I’m stuck in Nashville traffic. And so, apparently, is everyone else in the Western Hemisphere.
Nashville scares me. The main culprit here is the highways. Nashville’s highway system is a mess because these roads were built to accommodate approximately 11 cars, whereas there are currently 229 trillion Nashville residents.
So this is a problem. A big one. Because right now I am idling in a thousand-mile line of cars, stuck in a cloud of blue exhaust, and we are moving approximately one nanometer per hour.
I think I’ve figured out the problem in this city. The problem is, everyone in the state of Tennessee is trying to use the interstate at the same time. Which is a bad idea, this is just common sense.
If we all tried to take a shower at the same time each morning, the world would run out of water. It’s the same principle. A plus B equals C.
But the traffic problem isn’t getting any better. Because nobody is doing anything about it except buying more electric cars.
Tennessee Department of Transportation reports that, on any average afternoon, in Davidson County, there are strings of electric cars longer than the ladies-restroom line at a George Strait concert.
If you took all the electric cars in the world and placed them end to end, you’d have Nashville.
“The traffic is really hard,” says my friend who lives outside Nashville and commutes to work. Each morning, he spends 120 minutes in his SUV, fighting hundreds of motorists just backing out of his driveway.
He wants a new job, but of course, there are no new jobs in Nashville, only new buildings. Because new construction is out of control here.
Nashville is one of the leading cites in the nation for adding new real estate. In the time it’s taken you to read these paragraphs, Nashville has already built two arenas and one NASCAR súper-speedway.
And they still have billions of dollars of new projects on the way. The skyline changes almost daily.
Things have gotten so bad construction-wise that as soon as one new structure is built, demolition crews arrive to tear the building down so they can begin erecting a new triplex in its place.
This town’s slogan should be “Boom!” Because that’s the only noise you ever hear. In fact, while writing this very sentence, sitting in traffic, I was interrupted by several loud construction booms.
But that’s nothing. Because bachelorette parties are the main issue facing Nashville. Bachelorettes are huge business in this town.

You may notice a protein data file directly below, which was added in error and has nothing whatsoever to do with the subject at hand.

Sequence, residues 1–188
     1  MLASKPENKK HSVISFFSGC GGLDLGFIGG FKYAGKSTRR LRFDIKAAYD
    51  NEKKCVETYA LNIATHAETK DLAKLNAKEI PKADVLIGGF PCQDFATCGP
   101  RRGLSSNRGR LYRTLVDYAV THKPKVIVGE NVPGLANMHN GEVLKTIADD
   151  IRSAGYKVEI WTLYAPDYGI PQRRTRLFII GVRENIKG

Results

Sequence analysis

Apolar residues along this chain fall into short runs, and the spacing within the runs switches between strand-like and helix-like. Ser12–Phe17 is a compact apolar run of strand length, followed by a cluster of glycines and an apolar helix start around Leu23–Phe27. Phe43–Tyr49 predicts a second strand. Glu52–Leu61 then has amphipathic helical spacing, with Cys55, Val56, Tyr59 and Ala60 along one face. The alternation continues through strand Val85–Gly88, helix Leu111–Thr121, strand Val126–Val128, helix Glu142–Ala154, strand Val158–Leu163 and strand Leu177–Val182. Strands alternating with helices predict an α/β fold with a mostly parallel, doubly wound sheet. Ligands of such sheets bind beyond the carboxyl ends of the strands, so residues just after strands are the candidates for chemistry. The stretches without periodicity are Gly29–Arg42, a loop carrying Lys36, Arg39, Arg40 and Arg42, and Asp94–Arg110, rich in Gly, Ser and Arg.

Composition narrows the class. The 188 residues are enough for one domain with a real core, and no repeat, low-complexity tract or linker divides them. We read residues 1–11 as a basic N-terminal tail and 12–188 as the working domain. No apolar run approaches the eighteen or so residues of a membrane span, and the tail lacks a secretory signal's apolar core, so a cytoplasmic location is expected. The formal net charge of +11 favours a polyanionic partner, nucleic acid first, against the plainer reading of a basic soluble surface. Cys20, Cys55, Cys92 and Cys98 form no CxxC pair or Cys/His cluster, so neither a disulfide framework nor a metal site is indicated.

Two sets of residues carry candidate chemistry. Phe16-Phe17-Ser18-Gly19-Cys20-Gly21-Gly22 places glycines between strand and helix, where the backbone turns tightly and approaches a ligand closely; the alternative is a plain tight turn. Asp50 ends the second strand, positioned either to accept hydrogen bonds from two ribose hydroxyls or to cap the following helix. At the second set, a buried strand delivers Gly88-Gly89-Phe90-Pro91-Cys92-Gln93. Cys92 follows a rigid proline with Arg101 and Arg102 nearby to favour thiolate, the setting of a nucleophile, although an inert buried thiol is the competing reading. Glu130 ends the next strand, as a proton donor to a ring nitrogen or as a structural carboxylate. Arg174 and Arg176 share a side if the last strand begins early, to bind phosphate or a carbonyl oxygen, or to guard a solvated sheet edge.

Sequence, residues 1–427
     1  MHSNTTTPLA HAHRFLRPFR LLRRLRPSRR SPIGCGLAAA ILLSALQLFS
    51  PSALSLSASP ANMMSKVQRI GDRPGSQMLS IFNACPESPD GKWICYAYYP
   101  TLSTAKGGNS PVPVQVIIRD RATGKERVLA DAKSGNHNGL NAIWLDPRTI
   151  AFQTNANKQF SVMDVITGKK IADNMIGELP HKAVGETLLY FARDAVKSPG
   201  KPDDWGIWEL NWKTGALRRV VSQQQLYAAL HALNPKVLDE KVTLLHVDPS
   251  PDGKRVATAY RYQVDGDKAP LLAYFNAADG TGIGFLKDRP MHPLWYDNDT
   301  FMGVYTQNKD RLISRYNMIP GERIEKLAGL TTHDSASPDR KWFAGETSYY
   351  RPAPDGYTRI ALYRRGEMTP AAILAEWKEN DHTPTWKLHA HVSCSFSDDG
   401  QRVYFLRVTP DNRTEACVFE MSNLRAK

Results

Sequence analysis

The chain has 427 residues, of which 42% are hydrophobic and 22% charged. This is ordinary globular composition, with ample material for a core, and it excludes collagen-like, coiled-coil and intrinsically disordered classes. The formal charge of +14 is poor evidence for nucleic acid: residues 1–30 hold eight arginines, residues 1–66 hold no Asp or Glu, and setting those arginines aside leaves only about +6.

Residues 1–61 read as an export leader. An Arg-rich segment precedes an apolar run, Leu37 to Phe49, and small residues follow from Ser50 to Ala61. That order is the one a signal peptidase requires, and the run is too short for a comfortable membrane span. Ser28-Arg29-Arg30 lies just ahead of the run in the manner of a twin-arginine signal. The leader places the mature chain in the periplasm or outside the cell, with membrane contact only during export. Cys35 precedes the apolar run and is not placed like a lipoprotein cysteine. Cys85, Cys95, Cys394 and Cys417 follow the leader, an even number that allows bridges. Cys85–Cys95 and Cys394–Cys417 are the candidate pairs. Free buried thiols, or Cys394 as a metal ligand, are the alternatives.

“Nashville is one giant bachelorette party,” said one policeman. “Yesterday, I walked into a restaurant responding to a call, and the hostess asked if I was the stripper for the private party.”
It’s true. Bachelorette parties are pretty annoying. I was downtown yesterday and I counted 39 party busses filled with bachelorette partiers. These party busses are everywhere in Nashville.
Although, in my opinion, they aren’t nearly as worrisome as the pedal tavern (sometimes called “pedal pubs,” “party bikes,” “bike bars,” or “concussion machines”).
A pedal tavern is a multi-passenger human powered vehicle. Think of it as a giant bicycle. There’s no engine, just the legs of passengers who are sitting around a bar, facing each other, singing “Sweet Caroline” and tossing back vodka gimlets.
A pedal tavern’s top speed is around 5 mph. But most of the time, they travel about the same speed as a municipal fire hydrant.
Usually these taverns come loaded with about 20 screaming people. If it’s a bachelorette party, they will all be wearing tiaras, feather boas, fashionable boots, and matching T-shirts. Often times, they will be howling swear words at passing vehicles while sloshing beer onto nearby police officers who are busy writing parking tickets to redheaded columnists.
Don’t get me wrong, I don’t dislike Nashville. In fact, I like it here. This city is young, hip, exciting, and the music is pretty good. But none of these things I like are the real Nashville, according to my sources.
“If you want to experience the real Nashville,” one city official told me, “just hop on I-24, I40, I-65, or 440. That’s where everyone in Nashville lives most of their lives anyway.”